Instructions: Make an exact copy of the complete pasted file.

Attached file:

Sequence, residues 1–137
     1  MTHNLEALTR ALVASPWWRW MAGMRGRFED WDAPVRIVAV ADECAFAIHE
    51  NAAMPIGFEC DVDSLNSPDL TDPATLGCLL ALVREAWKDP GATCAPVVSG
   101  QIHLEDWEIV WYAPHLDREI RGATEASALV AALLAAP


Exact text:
Sequence, residues 1–137
     1  MTHNLEALTR ALVASPWWRW MAGMRGRFED WDAPVRIVAV ADECAFAIHE
    51  NAAMPIGFEC DVDSLNSPDL TDPATLGCLL ALVREAWKDP GATCAPVVSG
   101  QIHLEDWEIV WYAPHLDREI RGATEASALV AALLAAP